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Do You Use Free Advertising?

I saw a post on Facebook yesterday. The author was offering the first book in a trilogy free, obviously hoping it would lead to sales of the other two. This is a tactic I have used myself with great success, especially when the other books are temptingly reduced to 99 cents.

You have done that too? I can almost see you nodding, but why the frown? Probably because the royalties you have worked so hard to earn are gobbled up by companies offering to advertise your offer in their newsletter. Many of them, those with good lists and an attractive newsletter work but it takes expensive experiments to find out which are the best, and none of them is cheap.

Some authors can afford to pay but many cannot, or at least, not often. If you have several books – I have three series in different genres – it would be prohibitively expensive. So, are you using the free marketing tool Readers’ Favorite provides – one of the many? Specifically, the review page for the book you are currently offering free or simply want to remind people of your name and, perhaps, your books are free with Kindle Unlimited.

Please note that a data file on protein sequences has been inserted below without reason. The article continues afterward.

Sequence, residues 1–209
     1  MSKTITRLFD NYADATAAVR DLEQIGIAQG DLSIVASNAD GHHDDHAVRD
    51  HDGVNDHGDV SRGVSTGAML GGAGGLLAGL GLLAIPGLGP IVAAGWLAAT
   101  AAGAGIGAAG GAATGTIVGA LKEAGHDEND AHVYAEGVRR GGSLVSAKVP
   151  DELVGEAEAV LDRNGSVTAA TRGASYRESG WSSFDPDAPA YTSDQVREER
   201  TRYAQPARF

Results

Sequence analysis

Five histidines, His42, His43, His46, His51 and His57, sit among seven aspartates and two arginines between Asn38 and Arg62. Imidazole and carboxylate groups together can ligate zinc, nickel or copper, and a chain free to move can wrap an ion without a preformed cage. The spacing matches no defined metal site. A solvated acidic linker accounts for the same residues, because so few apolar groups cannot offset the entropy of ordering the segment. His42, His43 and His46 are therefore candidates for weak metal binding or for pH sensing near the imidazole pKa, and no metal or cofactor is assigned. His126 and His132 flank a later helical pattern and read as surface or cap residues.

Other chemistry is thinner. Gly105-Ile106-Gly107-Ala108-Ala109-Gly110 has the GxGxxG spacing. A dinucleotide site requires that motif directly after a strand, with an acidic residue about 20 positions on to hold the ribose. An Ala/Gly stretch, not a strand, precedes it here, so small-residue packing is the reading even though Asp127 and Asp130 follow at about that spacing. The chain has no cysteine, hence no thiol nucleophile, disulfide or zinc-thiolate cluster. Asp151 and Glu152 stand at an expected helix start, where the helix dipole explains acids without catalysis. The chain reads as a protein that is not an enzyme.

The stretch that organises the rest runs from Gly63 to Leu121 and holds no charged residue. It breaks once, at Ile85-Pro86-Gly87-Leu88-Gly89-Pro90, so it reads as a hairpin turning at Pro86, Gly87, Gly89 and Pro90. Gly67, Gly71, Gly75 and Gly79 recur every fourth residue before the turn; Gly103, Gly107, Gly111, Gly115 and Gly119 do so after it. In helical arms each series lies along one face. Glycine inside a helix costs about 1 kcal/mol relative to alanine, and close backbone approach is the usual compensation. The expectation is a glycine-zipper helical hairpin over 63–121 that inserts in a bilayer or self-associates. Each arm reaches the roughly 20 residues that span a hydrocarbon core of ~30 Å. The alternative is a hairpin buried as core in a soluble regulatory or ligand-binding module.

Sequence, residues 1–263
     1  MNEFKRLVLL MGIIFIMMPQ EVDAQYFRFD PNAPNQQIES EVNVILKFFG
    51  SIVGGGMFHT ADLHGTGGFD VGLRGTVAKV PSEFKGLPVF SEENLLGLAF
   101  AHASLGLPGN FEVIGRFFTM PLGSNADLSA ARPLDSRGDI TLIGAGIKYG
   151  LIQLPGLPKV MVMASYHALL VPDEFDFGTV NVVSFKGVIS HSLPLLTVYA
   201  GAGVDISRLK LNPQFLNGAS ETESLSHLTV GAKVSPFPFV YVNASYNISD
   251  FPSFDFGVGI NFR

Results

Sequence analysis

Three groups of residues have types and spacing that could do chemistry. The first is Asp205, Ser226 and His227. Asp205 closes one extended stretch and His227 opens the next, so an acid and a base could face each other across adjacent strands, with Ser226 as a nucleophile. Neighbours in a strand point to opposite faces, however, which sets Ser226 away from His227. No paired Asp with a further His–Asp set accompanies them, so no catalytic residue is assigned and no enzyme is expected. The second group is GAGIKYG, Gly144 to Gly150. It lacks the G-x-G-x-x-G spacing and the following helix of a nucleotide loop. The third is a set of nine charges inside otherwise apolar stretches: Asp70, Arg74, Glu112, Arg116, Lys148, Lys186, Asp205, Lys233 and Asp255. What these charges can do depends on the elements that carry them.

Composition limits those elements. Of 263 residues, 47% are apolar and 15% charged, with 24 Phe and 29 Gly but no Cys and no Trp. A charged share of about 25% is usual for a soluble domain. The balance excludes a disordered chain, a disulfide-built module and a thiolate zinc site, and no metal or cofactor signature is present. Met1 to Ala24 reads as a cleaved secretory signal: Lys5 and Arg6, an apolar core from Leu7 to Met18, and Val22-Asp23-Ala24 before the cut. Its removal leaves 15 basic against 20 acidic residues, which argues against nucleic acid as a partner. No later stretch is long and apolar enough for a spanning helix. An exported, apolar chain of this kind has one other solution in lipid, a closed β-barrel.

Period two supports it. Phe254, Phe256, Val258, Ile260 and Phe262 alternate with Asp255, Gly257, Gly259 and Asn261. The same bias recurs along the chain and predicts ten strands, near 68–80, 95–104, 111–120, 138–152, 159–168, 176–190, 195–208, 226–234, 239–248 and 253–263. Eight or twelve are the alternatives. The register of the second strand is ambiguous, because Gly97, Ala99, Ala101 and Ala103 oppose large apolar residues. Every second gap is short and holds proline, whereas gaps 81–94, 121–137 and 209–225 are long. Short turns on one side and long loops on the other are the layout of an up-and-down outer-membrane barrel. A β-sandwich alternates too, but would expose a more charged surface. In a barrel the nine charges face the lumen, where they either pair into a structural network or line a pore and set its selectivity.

Choose the title from the drop-down menu, but do not scroll down. The link you want is in green and looks like this: 

Above the picture of your book cover, the title, and those lovely five stars, there are links to Twitter, Facebook, Pinterest, and LinkedIn. (If you don’t have a presence on all four platforms, open one; they too are free unless you choose to upgrade.)

Next, for example, click on the Twitter logo. You can, if you like, opt to spread the word by tweeting only your review/s, but remember, you can add more words above it, and use three hashtags – you could add a dozen, but three is the acceptable number and more likely to attract retweets.

This is what I added above the link on one of my tweets.

#Christian #romanticsuspense Multi-award-winner #Free until Midnight

I followed that with a shortened version of the book description. Twitter permits 240 digits, including spaces – allow twenty-two for the link.

For Facebook, you can share the post to your own page, or you can choose a group that welcomes posts about books generally, your genre, or books on offer. Word count is unimportant except in one respect. Make sure the vital information is above the line where a potential reader must click “more”. You want them to click on the link!

Your page needs work before you share it. Reviews from Amazon and Goodreads can be added – be sure to copy and paste so they are 100% accurate and copy the names carefully. Not all reviewers leave names or not their own, but “Amazon Customer” and “Books R Best” are fine. If you are really lucky, you might find a “Vine Voice” review.

One thing to take into account – reviews have the latest displayed at the bottom, not the top, so when you have chosen the best, add it first.

Written by Readers’ Favorite Reviewer Sarah Stuart